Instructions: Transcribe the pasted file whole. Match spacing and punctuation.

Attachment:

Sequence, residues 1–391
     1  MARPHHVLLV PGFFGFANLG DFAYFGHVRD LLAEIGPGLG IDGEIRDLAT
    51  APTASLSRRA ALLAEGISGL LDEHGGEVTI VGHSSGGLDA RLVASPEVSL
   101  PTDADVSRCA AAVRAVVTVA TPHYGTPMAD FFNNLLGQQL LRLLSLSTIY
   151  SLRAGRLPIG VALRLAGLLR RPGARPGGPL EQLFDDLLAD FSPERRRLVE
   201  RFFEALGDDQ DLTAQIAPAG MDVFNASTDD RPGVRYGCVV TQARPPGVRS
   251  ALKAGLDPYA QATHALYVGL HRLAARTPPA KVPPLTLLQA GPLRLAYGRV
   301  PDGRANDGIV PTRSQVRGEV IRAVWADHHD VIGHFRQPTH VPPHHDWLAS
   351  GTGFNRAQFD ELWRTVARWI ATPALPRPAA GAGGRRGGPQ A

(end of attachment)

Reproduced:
Sequence, residues 1–391
     1  MARPHHVLLV PGFFGFANLG DFAYFGHVRD LLAEIGPGLG IDGEIRDLAT
    51  APTASLSRRA ALLAEGISGL LDEHGGEVTI VGHSSGGLDA RLVASPEVSL
   101  PTDADVSRCA AAVRAVVTVA TPHYGTPMAD FFNNLLGQQL LRLLSLSTIY
   151  SLRAGRLPIG VALRLAGLLR RPGARPGGPL EQLFDDLLAD FSPERRRLVE
   201  RFFEALGDDQ DLTAQIAPAG MDVFNASTDD RPGVRYGCVV TQARPPGVRS
   251  ALKAGLDPYA QATHALYVGL HRLAARTPPA KVPPLTLLQA GPLRLAYGRV
   301  PDGRANDGIV PTRSQVRGEV IRAVWADHHD VIGHFRQPTH VPPHHDWLAS
   351  GTGFNRAQFD ELWRTVARWI ATPALPRPAA GAGGRRGGPQ A